Carrots are a domesticated form of the wild carrot, which is native to Europe and southwestern Asia. The carrots is a root vegetable, most commonly they are orange, although purple, black, white, red and yellow varieties exist. It is believed that they were originally grown in Persia for the leaves and seeds. The carrot is one of the world’s top ten most economically important vegetable crops. Worldwide production of carrots (2014) was 38.8 million tonnes. The Chinese produced 45% of this total, cultivating an astonishing 17.3 million tonnes. Countries such as Russia and the United states (both responsible for 4%) are also large scale carrot producers. A history of carrots The familiar orange carrot is derived from the wild carrot, which has white coloured roots. Ancient Greek and Roman writings refer to edible white roots which could be the carrot or possibly the parsnip. The earliest known vegetable, confirmed to be a carrot can be traced to the 10th century in Persia and Asia Minor. It is thought that carrots were originally purple or white with a thin root, at some point a mutation occurred and the purple pigment was removed which resulted in a new form of yellow carrot, from which the orange carrot was later developed. The domestication of the carrot has transformed a relatively small, thin white strong flavoured taproot into a large, orange good flavoured annual crop. Modern techniques have seen the carrot further refined, with the flavour, sweetness, texture and colour improved. Other modern breading techniques have seen a more pest and disease resistant vegetable. Types of cultivated carrots. There are two main types of...
Cherries – luxury seasonal fruit

Cherries – luxury seasonal fruit

Fantastic quality English cherries have been arriving in our fridges in recent weeks. The cherry was first grown in the UK at Teynham in Kent, by order of Henry VIII, who tasted them in Flanders. The word cherry derives from French cerise, Spanish cereza, all originating from the Latin cerasum, both refereing to an ancient Greek region near Giresun, Turkey, which is where it is believed the first cherries were exported from, to Europe. What are Cherries? Cherries, like plums are fleshy drupe or stone fruits of the genus Prunus. Many cherry varieties are members of the subgenus Cerasus, which is distinguished by having smooth fruit with a weak or no groove along one side. It is much easier to divide cherries into two types the sweet cherry and the sour cherry. The sweet cherry is usually larger than the sour variety, and are fantastic eaten fresh or when cooked. The sour cherry is rounder than the heart shaped sweet cherry. The flesh is much softer and are not suitable for eating raw. The sour cherry is normally cooked with sugar to create pies, preserves and relishes. Where do Cherries come from? In 2014 Turkey was the largest producer of sweet cherries, world production was 2.25 million tonnes for which Turkey produced 20%. Other large producers were the U.S.A and Iran. Sour cherry production in 2014 was 1.36 million tonnes, with Russia, Ukraine and Turkey being the largest producers. 2014 was a record year for British cherry production, with 3,500 tonnes produced, this was more than double the previous year. English cherries getting better every year. Traditional cherry orchards in Kent were phased out during...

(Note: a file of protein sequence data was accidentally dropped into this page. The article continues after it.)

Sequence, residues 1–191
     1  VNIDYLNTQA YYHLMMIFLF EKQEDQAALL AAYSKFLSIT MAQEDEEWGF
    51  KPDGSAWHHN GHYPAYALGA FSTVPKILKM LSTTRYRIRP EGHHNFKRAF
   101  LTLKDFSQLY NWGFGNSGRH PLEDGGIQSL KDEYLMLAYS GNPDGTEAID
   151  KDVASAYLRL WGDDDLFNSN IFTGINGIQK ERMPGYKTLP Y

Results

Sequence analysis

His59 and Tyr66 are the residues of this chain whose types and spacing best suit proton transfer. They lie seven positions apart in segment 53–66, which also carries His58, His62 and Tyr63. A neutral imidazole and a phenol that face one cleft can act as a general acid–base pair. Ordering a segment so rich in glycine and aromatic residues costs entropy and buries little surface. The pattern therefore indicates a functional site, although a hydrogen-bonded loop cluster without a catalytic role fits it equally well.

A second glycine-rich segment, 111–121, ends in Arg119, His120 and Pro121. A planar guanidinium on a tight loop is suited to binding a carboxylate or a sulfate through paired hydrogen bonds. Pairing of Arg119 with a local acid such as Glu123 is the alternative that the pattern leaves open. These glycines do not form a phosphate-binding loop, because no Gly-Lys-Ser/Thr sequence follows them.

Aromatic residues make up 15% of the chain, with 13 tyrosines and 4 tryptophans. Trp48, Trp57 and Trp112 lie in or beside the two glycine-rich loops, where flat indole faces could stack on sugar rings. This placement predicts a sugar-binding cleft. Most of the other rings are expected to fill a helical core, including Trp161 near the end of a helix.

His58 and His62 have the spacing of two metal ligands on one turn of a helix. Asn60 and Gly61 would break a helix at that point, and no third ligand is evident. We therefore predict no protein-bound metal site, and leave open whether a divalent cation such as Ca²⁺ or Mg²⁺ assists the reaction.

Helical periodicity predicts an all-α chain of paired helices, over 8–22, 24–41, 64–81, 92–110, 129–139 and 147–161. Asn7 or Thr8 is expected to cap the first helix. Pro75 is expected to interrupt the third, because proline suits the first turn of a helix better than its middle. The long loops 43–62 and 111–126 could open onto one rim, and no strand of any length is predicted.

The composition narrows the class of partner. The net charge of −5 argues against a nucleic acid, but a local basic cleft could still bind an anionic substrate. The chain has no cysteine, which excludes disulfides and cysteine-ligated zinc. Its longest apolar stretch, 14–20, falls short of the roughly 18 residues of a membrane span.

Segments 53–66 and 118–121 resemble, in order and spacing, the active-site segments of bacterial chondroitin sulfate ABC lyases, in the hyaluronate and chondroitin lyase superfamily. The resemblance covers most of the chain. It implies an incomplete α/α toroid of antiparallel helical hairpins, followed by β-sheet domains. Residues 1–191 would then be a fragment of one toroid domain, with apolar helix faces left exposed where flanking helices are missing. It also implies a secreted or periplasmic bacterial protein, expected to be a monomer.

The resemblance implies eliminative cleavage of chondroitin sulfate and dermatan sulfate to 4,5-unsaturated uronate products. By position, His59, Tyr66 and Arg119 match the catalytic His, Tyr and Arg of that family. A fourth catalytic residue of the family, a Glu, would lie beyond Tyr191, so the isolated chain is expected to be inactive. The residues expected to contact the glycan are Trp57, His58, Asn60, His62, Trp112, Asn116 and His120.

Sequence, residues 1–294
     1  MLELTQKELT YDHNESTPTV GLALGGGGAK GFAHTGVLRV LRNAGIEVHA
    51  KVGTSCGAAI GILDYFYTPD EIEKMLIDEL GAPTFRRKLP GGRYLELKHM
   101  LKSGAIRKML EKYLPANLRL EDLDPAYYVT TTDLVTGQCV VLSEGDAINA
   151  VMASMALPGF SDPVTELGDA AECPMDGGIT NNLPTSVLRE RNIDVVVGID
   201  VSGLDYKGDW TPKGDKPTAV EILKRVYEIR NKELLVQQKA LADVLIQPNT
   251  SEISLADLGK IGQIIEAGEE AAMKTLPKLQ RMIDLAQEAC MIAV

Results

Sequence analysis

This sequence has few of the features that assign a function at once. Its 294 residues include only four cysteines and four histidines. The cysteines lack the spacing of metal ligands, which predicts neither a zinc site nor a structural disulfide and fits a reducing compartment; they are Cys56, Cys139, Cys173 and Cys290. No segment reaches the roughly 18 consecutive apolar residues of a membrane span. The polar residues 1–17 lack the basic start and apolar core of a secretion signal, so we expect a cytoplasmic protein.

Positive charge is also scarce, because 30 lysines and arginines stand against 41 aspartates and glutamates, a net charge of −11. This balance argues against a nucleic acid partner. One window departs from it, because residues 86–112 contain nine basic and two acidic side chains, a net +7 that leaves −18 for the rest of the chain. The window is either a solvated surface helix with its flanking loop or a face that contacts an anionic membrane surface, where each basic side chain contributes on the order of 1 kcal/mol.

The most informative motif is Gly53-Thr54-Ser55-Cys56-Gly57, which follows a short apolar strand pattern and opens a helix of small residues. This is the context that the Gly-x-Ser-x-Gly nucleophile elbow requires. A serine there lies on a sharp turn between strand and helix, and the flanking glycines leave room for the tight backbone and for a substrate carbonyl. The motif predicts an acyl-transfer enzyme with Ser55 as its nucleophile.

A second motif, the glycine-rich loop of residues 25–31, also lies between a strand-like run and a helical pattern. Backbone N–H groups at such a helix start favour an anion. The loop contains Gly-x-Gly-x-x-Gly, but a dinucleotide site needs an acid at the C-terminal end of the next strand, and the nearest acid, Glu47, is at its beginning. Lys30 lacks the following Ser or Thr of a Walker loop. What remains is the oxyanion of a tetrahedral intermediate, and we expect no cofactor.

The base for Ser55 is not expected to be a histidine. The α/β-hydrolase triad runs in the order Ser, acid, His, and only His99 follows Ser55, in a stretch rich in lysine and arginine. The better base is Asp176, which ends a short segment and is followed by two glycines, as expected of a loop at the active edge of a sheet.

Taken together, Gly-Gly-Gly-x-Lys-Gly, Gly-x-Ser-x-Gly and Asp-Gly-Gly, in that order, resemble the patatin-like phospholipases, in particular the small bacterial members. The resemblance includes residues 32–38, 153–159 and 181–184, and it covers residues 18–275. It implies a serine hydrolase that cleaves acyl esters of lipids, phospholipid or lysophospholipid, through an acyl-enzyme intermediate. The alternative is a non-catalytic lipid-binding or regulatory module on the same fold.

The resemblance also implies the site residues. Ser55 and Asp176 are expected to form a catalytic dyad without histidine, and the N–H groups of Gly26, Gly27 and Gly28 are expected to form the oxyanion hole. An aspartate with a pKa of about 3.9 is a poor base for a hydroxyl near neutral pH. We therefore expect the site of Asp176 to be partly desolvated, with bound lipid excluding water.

Radish – the plant that built the pyramids.

Radish – the plant that built the pyramids.

The radish is a variety of herbaceous plant and member of the mustard family. The radish root is also related to kale, broccoli, cauliflower and horseradish. Radishes prefer a cooler climate and will grow quickly providing the conditions (fertile soil, sunlight and moisture) are adequate. The name radish comes from the Latin word “radix”. Traditionally radishes were eaten to stimulate the appetite and prepare the palate for the upcoming meal. Radishes were usually served with salt for dipping, sometimes with butter and brown bread. Radishes have a mild to hot peppery flavour with a crunchy texture. They can be eaten raw or pickled, boiled and even fried. Although less commonly used the fresh leaves can also be eaten. The seeds are also used as a spice. History of the Radish. Radishes were cultivated first in China. There are early records showing that radishes were enjoyed in Ancient Greece and before the construction of the Pyramids in Egypt. During the construction of the Pyramids the workers were paid in radishes. The Ancient Greeks served their radishes with vinegar and honey and made gold replicas which they offered to the god Apollo. Records show that the radish reached England during the mid 16th century.   Varieties of Radish. There are many different radish varieties, these can be split into four types, according to the season they are grown. They also grow in a range shapes, lengths and colours. Some of the varieties are listed below: White Icicle – A pungent white variety that grows between 5 and 8 inches in length. Sparkler – Bright red and round with a white tip and...